Xn Xn ¼ 1 1 Retaining the assumption eref emax but allowing the m ¼ lj ln ðejÞ; l ¼ lj (10c) reference channel to vary, pixel by pixel, allows the model a n n j¼1 j¼1 emissivity approach to be accurate for a wider range of materials. This approach is called the normalized emissiv- Note that ki contains only terms which do not include ity method (NEM) (Gillespie, 1985; Realmuto, 1990). the measured spectral radiances, Li, and hence may be cal- First, the brightness temperature Tb is found for each culated from the constants. Although dependency on T has image channel, using Planck’s law. Tb differs from chan- been eliminated, it has been replaced by the unknown ma, nel to channel only if ej does also, since the actual skin related to the mean emissivity, such that the total number temperature must be the same. The channel j with the of unknowns is unchanged. The components of the maximum Tb is also the channel for which the maximum alpha-residual spectrum vary only with the measured ej occurs and becomes the reference channel. For 81 spec- radiances. They are defined as tra evaluated by Hook et al. (1992), 58 % of the tempera- tures found by the NEM algorithm were accurate to within ð Þ ai liln ei ma (11) 1 K, compared to only 21 % of temperatures recovered using the model emissivity method. and are equivalent to the right-hand side of Equation 10a Finding the maximum Tb has been called the “Planck (a is defined differently than in the TISI method). draping” method (Figure 3). This approach has been used to estimate e(l) from high-resolution radiance spectra col- lected by hyperspectral imagers such as SEBASS or by Model approaches field spectrometers. In this section, three algorithms distinguished by their Instead of examining the same scene element at two model assumptions are described. The most specific different times and temperatures, as in the day–night requires that both a value of e and the wavelength at which method, the scene element may be measured at different it occurs be known. The next requires only that the value wavelengths li and lj, chosen such that ei ¼ ej. In such be known. The third does not require the value of the emis- a case, it is necessary to find T (the “color temperature,” sivity to be known, only that the emissivity at two known Tc; see Equations 10 and 11, Land Surface Temperature) wavelengths be the same. and only a single e for the two channels, and the situation The model emissivity (or reference channel) method is deterministic (two measurements, Li and Lj, and the two (Kahle et al., 1980) assumes that the value of e for one unknowns, Tc and ei ¼ ej). As for the reference channel ’ of the image channel s ref is constant and known method, Tc can then be used to calculate a blackbody spec- a priori, reducing the number of unknowns to the number trum B, from which e(l) can be found. This treatment has of measurements. First, the temperature is estimated using been called the “graybody emissivity method” (Barducci !! and Pippi, 1996). 1 c2 c1eref The strength of the technique lies in its ability to recover T ¼ ln þ 1 (12) emissivities even if the value of e is unknown. The main l 5 ref pLref lref weaknesses are that for imagers with only a few TIR chan- nels, the basic requirement, ei ¼ ej, is not met for much of Lyon (1965) suggested that, for most rocks, the maxi- the land surface, and it is not always possible to know li mum emissivity (emax) was commonly 0.95 and and lj. If the assumption is valid, the accuracy for T is com- occurred at the long-wavelength end of the 8–14 mm parable to NEM, provided li and lj are widely separated TIR window. This observation has been used to (e.g., Mushkin et al., 2005), but for most rock spectra, errors justify the assumption eref ¼ emax, typically for 10 < lref are 5 K. Barducci and Pippi (1996) proposed the < 12 mm. graybody emissivity method for hyperspectral scanners, Blackbody spectral radiances Bj for the remainder of for which the basic requirement is more likely to be met. the channels are next calculated from T and Planck’s law. The model emissivities are ej ¼ Lj/Bj. No single value of eref is appropriate for all surfaces. Scaling approaches For example, for vegetation, emax 0.983; if the value Once relative spectra have been calculated, they can be is assumed to be 0.95, the emissivities will be calibrated to “absolute” emissivity provided a scaling fac- underestimated, the spectrum warped, and T tor is known. Applied to the ratio approach of Watson overestimated by 2.3 K. Vegetation, snow, and water (1992b) or the TISI approach of Becker and Li (1990), this are all subject to this kind of error. Also, reststrahlen bands is basically the same as one of the model algorithms. How- for some types of rocks, for example, peridotite, occur ever, scaling can also be done from empirical regression near 10 mm, and emax occurs at shorter wavelengths. For relating the shape of the emissivity spectrum to an abso- these rock types, the errors may be even greater. Neverthe- lute value at one wavelength. The regression is typically less, the model emissivity approach is robust and has the based on laboratory spectra of common scene compo- virtue of simplicity. It produces reliable results for nents. More complex approaches also are possible: the a wide range of surface materials. first example given below combines the “two-channel, LAND SURFACE EMISSIVITY 309 two-time,” and TISI approaches to convert the relative relationship between the mean emissivity e and the TISI spectra to emissivities. variance of alpha-residual emissivities, MMD utilizes an The hybrid TISI approaches requires first that assumed linear relationship between e and the range of daytime and nighttime MIR and LWIR images be the emissivities themselves, represented by the maxi- acquired and co-registered and that their TISI ratios be mum–minimum difference or MMD. calculated. Essentially, there are four measurements The MMD algorithm requires that the e spectrum be (LMIR,day, LLWIR,day, LMIR,night, and LLWIR,night), four estimated (e.g., using NEM) in order to calculate MMD, unknowns (eMIR, eLWIR), and one model assumption from which e is predicted. The apparent spectrum is then (the on the target). The MIR reflectivity rescaled according to this average, T is calculated, and is the complement of eMIR by Kirchhoff’s law (for the the process is iterated until the change in T is less than complete mathematical development, see Dash, 2005). the NEDT. Using widely separated image channels improves the pre- TES uses land-leaving spectral radiance and down- cision of T and e recovery (e.g., Mushkin et al., 2005). welling sky irradiance as input and provides a first guess for T and ej using the NEM algorithm. The correction for Alpha-derived emissivity (ADE) method reflected sky irradiance is The ADE method (Kealy and Gabell, 1990; Hook et al., 1992; Kealy and Hook, 1993) is based on the alpha- 0 ð1 ejÞ L j ¼ Lj I# (14) residual approach. To recover ei, ma may be estimated via p an empirical regression to the variance parameter na found for laboratory spectra: where Lj is the ground-leaving spectral radiance, compen- sated for atmospheric absorption and path radiance, I#is Xn the down-welling sky irradiance, and (1e ) is the scene ¼ 1 2 j va aj (13) ’ reflectivity (Kirchhoff s law).0 The NEM emissivities are n 1 j¼1 then recalculated from Lj and normalized: where a is defined in Equation 11. The best-fitting curves e ¼ 1/x b ¼ j (15) relating ma and na are of the form ma cna , where c and x j e are empirically determined coefficients (c ¼0.085, n ¼ 0.40, and r2 ¼ 0.935 for ASTER). MMD is calculated from the b spectrum and used to a Once the emissivities have been estimated, the temper- predict emin (instead of e, as in the MMD approach), which ature may be calculated using Planck’s law. For 95 % of is used for scaling: the library spectra, T was recovered within 1.6 K of the correct value, and Hook et al. (1992) showed that 67 % ¼ : : 0:737; ¼ emin emin 0 994 0 687 MMD ej bj were accurate to within 1 K, compared to 58 % for bmin the NEM. (16) The key innovation of the ADE approach is to utilize the empirical relationship between the average e and After early 2009, a linear regression (emin ¼ 0.8625MMD a measure of the spectral contrast or complexity in order + 0.955) was used for scaling in TES (Gustafson et al., 2006) to restore the amplitude to the alpha-residual spectrum. in order to improve TES precision for low-contrast spectra in The regression is based on the observation that, for standard ASTER data products. The TES algorithm differs a blackbody, the mean emissivity is unity and the spectral from the MMD approach in using a better estimate of the variance is zero. For minerals with reststrahlen bands or emissivity andinbasingthe“absolute” measure of emissiv- other emissivity features, the variance is greater than zero ity on emin rather than e, a difference that results in less scatter and, of course, the mean is less than unity. In use, the mean of the data about the regressed line and, hence, improved is predicted from the variance, which is calculated from performance (1.5 K; 0.015 e). the measured radiances.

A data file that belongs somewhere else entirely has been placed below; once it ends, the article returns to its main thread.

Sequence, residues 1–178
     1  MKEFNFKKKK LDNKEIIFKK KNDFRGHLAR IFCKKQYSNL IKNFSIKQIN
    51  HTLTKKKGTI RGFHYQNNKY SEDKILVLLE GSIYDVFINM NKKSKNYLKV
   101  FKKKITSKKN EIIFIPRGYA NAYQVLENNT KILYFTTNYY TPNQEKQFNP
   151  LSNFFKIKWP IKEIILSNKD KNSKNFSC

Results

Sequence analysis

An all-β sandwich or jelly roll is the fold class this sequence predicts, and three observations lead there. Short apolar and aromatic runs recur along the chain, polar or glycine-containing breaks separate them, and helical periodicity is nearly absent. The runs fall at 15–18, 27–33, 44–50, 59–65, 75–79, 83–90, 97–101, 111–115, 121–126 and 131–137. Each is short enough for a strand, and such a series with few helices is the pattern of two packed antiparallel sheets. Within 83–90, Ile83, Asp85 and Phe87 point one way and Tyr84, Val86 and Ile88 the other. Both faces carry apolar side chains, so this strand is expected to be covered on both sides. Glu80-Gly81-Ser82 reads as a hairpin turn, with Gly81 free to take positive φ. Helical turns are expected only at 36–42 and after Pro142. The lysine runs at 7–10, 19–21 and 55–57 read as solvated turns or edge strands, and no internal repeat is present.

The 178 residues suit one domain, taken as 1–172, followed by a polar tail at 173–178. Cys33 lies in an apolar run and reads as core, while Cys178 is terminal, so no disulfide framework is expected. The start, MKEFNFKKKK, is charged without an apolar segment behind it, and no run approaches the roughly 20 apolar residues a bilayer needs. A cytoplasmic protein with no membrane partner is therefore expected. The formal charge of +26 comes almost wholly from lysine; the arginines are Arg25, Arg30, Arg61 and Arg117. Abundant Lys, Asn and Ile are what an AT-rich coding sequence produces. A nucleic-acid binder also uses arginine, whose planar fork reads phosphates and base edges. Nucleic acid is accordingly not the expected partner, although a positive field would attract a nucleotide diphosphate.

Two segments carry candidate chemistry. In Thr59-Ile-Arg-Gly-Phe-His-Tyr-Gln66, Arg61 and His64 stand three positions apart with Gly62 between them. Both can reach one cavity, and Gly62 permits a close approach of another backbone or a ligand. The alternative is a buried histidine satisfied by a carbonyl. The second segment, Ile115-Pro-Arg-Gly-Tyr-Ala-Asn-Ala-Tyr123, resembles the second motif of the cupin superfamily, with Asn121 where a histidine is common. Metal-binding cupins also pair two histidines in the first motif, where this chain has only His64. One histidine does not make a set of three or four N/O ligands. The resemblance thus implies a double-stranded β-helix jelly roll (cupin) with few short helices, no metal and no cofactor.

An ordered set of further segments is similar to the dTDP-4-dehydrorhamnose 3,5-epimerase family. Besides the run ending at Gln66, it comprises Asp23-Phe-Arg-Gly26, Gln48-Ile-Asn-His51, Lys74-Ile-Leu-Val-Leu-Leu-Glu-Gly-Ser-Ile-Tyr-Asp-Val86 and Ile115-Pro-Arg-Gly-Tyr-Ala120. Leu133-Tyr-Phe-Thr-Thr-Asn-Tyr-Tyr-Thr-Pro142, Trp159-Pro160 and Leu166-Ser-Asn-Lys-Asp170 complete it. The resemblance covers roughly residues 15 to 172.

Temperature–emissivity separation algorithm (TES) Classification-based algorithms The TES algorithm (Gillespie et al., 1998) uses a variant of Classification approaches exploit the relationship between the “minimum–maximum difference” or MMD approach composition and e and/or r to estimate e pixel by pixel in of Matsunaga (1994) to scale relative emissivity spectra. at least one-image channel, generally in order to find T. TES is used to generate standard T and e products from T can then be used to calculate e(l) in the other channels. ASTER, but it has been generalized for different scanners. Approaches that use channels in reflected sunlight TES can work with as few as three channels provided the (0.4–2.5 mm) require imagers with multiple, co-registered channel wavelengths are well chosen to capture the range telescopes. They also make the assumption that TIR emis- of emissivities in scene spectra. sivities and visible–SWIR reflectivities are correlated. The MMD algorithm is related to the ADE algorithm, In some cases, for example, vegetation or water, the TIR but is simpler. Whereas ADE utilizes the empirical emissivities can be predicted accurately; in others, for 310 LAND SURFACE EMISSIVITY example, many rocks, this assumption is less robust. Nev- Gillespie, A. R., Kahle, A. B., and Walker, R. E., 1986. Color ertheless, simply being able to distinguish rock and/or soil enhancement of highly correlated images I. Decorrelation and 20 from vegetation can improve accuracy by 1–2K.Asan HSI contrast stretches. Remote Sensing of Environment, , 209–235. example, the NDVI approach (see Equation 9, Land Sur- Gillespie, A. R., Matsunaga, T., Rokugawa, S., and Hook, S. J., face Temperature) makes use of co-registered visible red 1998. Temperature and emissivity separation from advanced (0.65 mm) and near-infrared (NIR: 0.7–1.2 mm) daytime spaceborne thermal emission and radiometer image channels in order to recognize pixels that have (ASTER) images. IEEE Transactions on Geoscience and a significant fraction of vegetation. Remote Sensing, 36, 1113–1126. Gustafson, W. T., Gillespie, A. R., and Yamada, G., 2006. Revi- sions to the ASTER temperature/emissivity separation algo- Conclusions rithm. In Sobrino, J. A. (ed.), Second Recent Advances in – Quantitative Remote Sensing. Spain: Publicacions de la Only a fraction of published temperature emissivity Universitat de València, pp. 770–775, ISBN 84-370-6533-X; separation algorithms have been discussed here. (For an 978-84-370-6533-5. alternative summary, see Dash (2005).) Increasingly Hackwell, J. A., Warren, D. W., Bongiovi, R. P., Hansel, S. J., sophisticated approaches are being devised to improve Hayhurst, T. L., Mabry, D. J., Sivjee, M. G., and Skinner, on old treatments, for example, by using neural net tech- J. W., 1996. LWIR/MWIR imaging hyperspectral sensor for air- nology to tune algorithms (e.g., Mao et al., 2008; Liang, borne and ground-based remote sensing. Proceedings- SPIE The International Society For Optical Engineering, 2819, 102–107. 1997). However, the basic categories discussed above Hook, S. J., Gabell, A. R., Green, A. A., and Kealy, P. S., 1992. still apply. A comparison of techniques for extracting emissivity informa- For the most part, calibration inaccuracies, measurement tion from thermal infrared data for geologic studies. Remote uncertainty, and inaccurate atmospheric characterization all Sensing of Environment, 42, 123–135. contribute to errors in the recovered LST and LSE. These Hunt, G., 1980. Electromagnetic radiation: the communication link in remote sensing. In Siegal, B. S., and Gillespie, A. R. (eds.), errors are commonly as large as or larger than those – attributable to the algorithms themselves, at least for Remote Sensing in Geology. New York: Wiley, pp. 5 45. Jaggi, S., Quattrochi, D., and Baskin, R., 1992. An algorithm for the the high-resolution imagers commonly used for Earth- estimation of bounds on the emissivity and temperatures from surface studies. Therefore, algorithms themselves are now thermal multispectral airborne remotely sensed data (Abstract). not the dominant factor limiting recovery accuracy. In Realmuto, V. J. (ed.), Summary of the Third Annual JPL Air- However, the next few years may see the introduction of borne Geoscience Workshop, June 1–5, Jet Propulsion a new generation of sensors, such as SEBASS, with dramat- Laboratory Publication 92–14. Pasadena, CA: Jet Propulsion – ically improved measurement characteristics. In this case, Lab, pp. 22 24. Kahle, A. B., and Rowan, L. C., 1980. 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Scientific usefulness Quantifying surface roughness One important surficial geologic process is aeolian erosion, Good reviews of techniques for describing quantitatively transport, and deposition of sediments. The shear stress surface roughness can be found in Dierking (1999), wind produces at the earth's surface is strongly affected Thomas (1999), Shepard et al. (2001), and Campbell by the surface roughness. The aerodynamic roughness (2002), Chap. 3. The simplest description of surface http://www.springer.com/978-0-387-36698-2